Cornell University President Elizabeth Garrett, the first woman to lead the Ivy League school in upstate New York, died Sunday of cancer less than a year after starting in the position, the university announced. She was 52.
Garrett had been undergoing treatment for colon cancer. She disclosed the diagnosis to the campus community on Feb. 8.
“There are few words to express the enormity of this loss,” Robert S. Harrison, chairman of Cornell’s board of trustees, said in a statement Monday. “Beth was simply a remarkable human being — a vibrant and passionate leader who devoted her life to the pursuit of knowledge and public service and had a profound, positive impact on the many lives that she touched.”
Garrett came to Cornell after serving as provost at the University of Southern California. Cornell’s 13th president, she was one of four women at the helm of the eight Ivy League schools. The other three are Christina H. Paxson of Brown University (who took office in 2012), Drew Gilpin Faust of Harvard University (2007) and Amy Gutmann of the University of Pennsylvania (2004).
Michael Kotlikoff, who had been Cornell’s provost, was named acting president of the 21,000-student university in Ithaca last month as Garrett was being treated for her illness.
Garrett also was a trailblazer at USC as the first female provost at the private university in Los Angeles.
“There are more of us in the pipeline to take on these jobs as leaders,” Garrett told The Washington Post in January 2015. In that interview, Garrett recalled that when she was in law school at the University of Virginia in the 1980s, she had to make a point of hunting for a class taught by a female professor. Now, she said, there are far more women on the law faculty at U-Va. and elsewhere. Women also are making progress, at various rates, in other disciplines.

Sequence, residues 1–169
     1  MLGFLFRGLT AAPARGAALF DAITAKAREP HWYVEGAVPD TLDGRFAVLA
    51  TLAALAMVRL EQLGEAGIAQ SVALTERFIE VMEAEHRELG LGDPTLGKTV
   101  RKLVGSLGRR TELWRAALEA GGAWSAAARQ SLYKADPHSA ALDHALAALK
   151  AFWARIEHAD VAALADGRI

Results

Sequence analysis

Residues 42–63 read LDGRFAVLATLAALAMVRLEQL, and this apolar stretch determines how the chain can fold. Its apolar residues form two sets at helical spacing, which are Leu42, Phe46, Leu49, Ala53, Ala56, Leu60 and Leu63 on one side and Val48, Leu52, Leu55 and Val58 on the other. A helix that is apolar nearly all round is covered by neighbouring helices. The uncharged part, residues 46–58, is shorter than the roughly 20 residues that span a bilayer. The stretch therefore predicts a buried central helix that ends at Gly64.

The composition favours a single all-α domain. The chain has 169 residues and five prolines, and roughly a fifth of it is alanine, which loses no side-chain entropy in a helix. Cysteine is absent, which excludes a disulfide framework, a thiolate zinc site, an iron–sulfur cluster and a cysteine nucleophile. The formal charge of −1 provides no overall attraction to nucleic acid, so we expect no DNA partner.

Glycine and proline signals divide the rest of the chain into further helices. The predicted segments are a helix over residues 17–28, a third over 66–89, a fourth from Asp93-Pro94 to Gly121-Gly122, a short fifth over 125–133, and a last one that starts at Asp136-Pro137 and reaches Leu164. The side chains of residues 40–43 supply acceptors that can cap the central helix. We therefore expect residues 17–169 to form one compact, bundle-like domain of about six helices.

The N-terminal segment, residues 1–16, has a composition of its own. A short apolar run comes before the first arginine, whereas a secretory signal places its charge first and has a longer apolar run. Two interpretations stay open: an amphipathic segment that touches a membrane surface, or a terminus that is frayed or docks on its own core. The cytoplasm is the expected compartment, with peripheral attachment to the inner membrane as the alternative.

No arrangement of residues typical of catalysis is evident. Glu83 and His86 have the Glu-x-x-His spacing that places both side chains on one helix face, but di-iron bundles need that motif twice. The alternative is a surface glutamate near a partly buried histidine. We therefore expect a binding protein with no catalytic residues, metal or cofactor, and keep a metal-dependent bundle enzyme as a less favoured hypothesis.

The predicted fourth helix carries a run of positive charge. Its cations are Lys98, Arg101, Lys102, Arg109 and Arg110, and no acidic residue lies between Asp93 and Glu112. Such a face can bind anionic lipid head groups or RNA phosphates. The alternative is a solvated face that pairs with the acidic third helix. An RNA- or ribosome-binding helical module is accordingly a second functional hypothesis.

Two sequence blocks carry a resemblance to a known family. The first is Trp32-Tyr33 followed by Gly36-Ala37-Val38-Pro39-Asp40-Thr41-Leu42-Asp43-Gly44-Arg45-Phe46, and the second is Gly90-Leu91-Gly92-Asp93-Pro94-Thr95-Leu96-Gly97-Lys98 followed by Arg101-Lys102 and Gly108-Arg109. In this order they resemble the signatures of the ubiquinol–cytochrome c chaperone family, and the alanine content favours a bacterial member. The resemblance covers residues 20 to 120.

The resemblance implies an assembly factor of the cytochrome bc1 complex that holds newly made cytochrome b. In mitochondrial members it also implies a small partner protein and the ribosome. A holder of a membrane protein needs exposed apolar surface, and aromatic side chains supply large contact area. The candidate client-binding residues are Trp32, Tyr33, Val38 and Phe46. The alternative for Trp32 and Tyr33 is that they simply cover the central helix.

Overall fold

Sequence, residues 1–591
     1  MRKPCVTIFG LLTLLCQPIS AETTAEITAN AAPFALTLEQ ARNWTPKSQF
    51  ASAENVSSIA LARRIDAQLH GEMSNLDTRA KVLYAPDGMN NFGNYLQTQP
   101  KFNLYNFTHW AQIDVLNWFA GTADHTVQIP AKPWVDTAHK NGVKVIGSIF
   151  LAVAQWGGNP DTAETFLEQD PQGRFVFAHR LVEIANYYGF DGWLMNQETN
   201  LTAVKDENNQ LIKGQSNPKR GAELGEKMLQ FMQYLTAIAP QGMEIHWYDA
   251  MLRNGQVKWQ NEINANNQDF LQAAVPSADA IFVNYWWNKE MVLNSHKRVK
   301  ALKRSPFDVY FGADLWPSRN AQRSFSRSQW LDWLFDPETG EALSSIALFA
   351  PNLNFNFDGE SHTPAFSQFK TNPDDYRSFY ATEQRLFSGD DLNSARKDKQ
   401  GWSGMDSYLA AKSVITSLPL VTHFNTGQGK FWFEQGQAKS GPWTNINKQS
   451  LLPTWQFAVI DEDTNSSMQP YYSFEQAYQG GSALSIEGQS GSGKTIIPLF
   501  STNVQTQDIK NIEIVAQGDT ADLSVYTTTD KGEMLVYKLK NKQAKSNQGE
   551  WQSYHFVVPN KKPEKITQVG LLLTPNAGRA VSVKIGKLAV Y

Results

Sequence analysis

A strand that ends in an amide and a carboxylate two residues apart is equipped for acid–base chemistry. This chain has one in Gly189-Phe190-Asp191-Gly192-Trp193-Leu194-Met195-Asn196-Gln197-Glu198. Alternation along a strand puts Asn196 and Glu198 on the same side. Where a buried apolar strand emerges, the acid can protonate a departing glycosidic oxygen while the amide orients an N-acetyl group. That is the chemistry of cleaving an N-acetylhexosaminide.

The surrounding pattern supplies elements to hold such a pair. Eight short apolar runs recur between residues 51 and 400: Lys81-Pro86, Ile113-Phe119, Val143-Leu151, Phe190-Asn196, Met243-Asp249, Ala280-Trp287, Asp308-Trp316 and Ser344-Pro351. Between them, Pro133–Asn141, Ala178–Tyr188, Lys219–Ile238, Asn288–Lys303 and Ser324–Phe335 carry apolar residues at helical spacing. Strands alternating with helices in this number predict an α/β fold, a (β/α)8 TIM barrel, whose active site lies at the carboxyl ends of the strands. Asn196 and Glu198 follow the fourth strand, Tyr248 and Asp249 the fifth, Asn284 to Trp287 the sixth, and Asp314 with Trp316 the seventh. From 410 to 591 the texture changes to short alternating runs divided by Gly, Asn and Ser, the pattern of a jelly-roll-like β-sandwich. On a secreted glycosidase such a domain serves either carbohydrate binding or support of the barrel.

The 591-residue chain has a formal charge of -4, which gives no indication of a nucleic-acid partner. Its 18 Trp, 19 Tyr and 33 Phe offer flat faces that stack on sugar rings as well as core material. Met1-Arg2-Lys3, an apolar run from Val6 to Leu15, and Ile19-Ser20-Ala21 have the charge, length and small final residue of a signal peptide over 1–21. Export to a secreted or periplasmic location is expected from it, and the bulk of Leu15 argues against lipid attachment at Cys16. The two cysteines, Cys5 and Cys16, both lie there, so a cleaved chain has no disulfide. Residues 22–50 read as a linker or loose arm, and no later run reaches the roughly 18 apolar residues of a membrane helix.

“It certainly is not a battle that has been won,” Garrett told The Post. “But it is a battle that we’re winning.”
Garrett was named to the Cornell presidency in September 2014 and took over in July 2015, succeeding David J. Skorton, who is now secretary of the Smithsonian Institution. She was a legal scholar and expert on presidential politics, tax policy and the legislative process. She clerked for the late U.S. Supreme Court Justice Thurgood Marshall.
Harrison, in his statement, called Garrett “the quintessential Cornellian.”
“From the moment I met her during the presidential search, it was clear to me that she had the intellect, energy and vision not only to lead Cornell, but to be one of the greatest presidents in our 150-year history,” Harrison said. “While Beth’s tenure as president has tragically been cut short, her efforts over the last eight months have set the university on a path toward continued excellence. She will leave a lasting legacy on our beloved institution and will be terribly missed.”
Cornell said Garrett was the university’s first president to die in office.
Garrett is survived by her husband, Andrei Marmor, a professor of philosophy and law at Cornell, and two step-daughters.
Here is a link to a university article about her.